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Attention Deficit Hyperactivity Disorder

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Attention Deficit Hyperactivity Disorder

ADHD (attention deficit hyperactivity disorder) is a prevalent pediatric psychiatric illness marked by age-inappropriate characteristics of attention deficit, restlessness, and aggression. Before the age of 12, a child must exhibit a minimum six of the nine characteristics of attention deficit and/or hyperactivity/impulsivity to be identified with ADHD.

ADHD I - NeuroDiverCityS

· Its clinical display changes over time, and the effect of the disorder on a person’s daily performance is primarily determined by his or her maturational phase.

Signs and Symptom

Individuals may manifest with symptoms of hyperactivity, and attention deficit which include;

Hyperactivity symptoms

attention deficit symptoms

· Flinches in seat and fidgets with or taps hands or feet.

· Feels restless 

· they have a hard time participating in peaceful, relaxing activities.

· Is “on the move” or seems to be “powered by a motor”

· talks a lot.

· Answers in a jumble

· they have a hard time waiting their turn

· Interrupts or intrudes other people

· Makes thoughtless errors/doesn’t pay attention to details

· Makes thoughtless errors/doesn’t pay attention to details

· When addressed to directly, he does not appear to listen.

· Failure to complete duties and instructions

· Shows a lack of organization.

· Tasks demanding persistent mental effort are avoided or disliked.

· Is prone to misplacing items that are required for chores or activities.

· Distracted easily (including unrelated thoughts)

· Is prone to forgetfulness in everyday tasks

Incidence and prevalence

· According to CDC researchers, 6.1 million children aged 2 to 17 years in the United States were diagnosed with attention deficit hyperactivity disorder (ADHD) in 2016, which is consistent to prior figures.

· In comparison to children in urban or suburban regions, researchers discovered that children in rural areas were more likely to be diagnosed with ADHD and less likely to get behavioral therapy in the previous year.

· 62%, 20 youngsters in the United States, were on ADHD medication.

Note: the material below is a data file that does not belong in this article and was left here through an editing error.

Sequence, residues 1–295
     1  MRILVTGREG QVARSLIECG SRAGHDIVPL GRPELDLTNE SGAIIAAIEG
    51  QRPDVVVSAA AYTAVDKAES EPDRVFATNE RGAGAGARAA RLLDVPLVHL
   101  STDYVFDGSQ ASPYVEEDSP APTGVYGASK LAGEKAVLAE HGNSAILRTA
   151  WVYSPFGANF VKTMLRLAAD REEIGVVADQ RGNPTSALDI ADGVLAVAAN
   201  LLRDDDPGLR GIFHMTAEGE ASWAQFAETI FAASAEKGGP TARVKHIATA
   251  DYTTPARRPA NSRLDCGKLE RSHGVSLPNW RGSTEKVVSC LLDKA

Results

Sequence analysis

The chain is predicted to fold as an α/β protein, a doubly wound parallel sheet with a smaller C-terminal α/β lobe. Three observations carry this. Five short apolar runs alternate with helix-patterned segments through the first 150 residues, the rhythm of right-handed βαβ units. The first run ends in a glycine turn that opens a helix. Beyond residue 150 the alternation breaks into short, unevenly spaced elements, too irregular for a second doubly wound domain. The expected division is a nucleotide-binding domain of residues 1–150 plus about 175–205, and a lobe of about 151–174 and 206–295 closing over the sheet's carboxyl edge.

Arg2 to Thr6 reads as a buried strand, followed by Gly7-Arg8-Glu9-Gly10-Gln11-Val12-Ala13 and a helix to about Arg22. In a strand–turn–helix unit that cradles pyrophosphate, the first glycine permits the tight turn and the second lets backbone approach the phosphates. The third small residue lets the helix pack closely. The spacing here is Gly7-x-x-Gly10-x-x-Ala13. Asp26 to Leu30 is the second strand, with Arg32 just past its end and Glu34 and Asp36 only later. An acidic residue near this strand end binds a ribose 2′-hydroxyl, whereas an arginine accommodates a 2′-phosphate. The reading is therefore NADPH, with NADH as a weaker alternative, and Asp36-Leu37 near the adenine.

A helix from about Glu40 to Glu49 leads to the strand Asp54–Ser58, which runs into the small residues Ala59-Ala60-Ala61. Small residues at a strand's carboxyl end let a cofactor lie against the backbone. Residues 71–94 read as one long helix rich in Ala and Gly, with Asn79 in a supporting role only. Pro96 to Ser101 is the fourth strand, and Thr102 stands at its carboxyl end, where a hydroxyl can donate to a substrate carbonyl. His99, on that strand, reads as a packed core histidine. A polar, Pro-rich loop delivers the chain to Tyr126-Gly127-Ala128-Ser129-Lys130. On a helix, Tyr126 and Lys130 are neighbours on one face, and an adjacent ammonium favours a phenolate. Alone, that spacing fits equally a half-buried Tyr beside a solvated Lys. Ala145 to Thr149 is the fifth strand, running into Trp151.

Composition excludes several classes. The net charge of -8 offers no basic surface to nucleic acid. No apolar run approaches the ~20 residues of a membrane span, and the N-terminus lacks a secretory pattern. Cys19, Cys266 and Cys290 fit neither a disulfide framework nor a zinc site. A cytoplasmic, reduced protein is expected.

· In the previous year, 47 percent) of people with ADHD got behavioral therapy for 5-7 years patients. The figure grew to nearly half (60 percent) among the youngest children (2-5 years old).

· 64% of the DHD patients have other mental illnesses

Considerations related to culture, gender, age

· Men are more often affected by ADHD, compared to females with a male to female ratio of around 4:1.

· Hispanic Americans re more likely to be affected

· European Americans re less likely to be affected

· Symptoms appear to diminish with age.

· Symptoms of hyperactivity dimmish almost completely

· Attention deficit persists to adulthood, with patients remining inattentive and disorganized

Diagnostics and labs

· There are usually no diagnostic tests for ADHD.

· Diagnosis is usually made based on clinical presentation and evaluation.

· Laboratory tests like liver function tests re often carried out to assess for liver function before initiating treatment

Differential diagnoses

Disorder

Differentiating Features from ADHD

Oppositional Defiant and

Conduct Disorders

Although he resists adult guidance at first, once involved in a task, he is able to persevere (sustain attention).

Has no hyperactive or impulsive tendencies. Behavioral issues are particularly severe at residence (defiance often directed primarily toward parents)

Learning disorders

The symptoms are related to the academic environment and/or courses (e.g., reading groups).

Lacks a historical origin of hyperactivity and impulsivity-related difficulties (e.g., no violence or disruption).

Anxiety and mood disorders

Problems with continuous (but not focused) attention. a history of these illnesses in the family (vs. a history of ADHD).

‘Overrestricted’ (not impulsive).

Symptoms appear after the age of seven (lacks preschool history of hyperactivity).

Disruptive conduct or instructor worries about restlessness, impulsivity, or attention problems are usually not included in school performance.

Autism

Internal (rather than exterior) stimuli cause distractible inattention. Worsening in concentration and alertness over time is not as apparent.

Pharmacological treatments, including any side effects

ADHD can be treated using antidepressants, or stimulants

Methylphenidate

· Methylphenidate (MPH), sometimes known as Ritalin or Concerta, is an FDA-approved medicine that is recommended for treatment of ADHD.

Side effects

· Appetite inhibition, stomach pain, sleeplessness, and migraine are some of the most prevalent side effects of stimulants, but they are normally endurable enough to proceed taking the drug (Shier et al., 2012).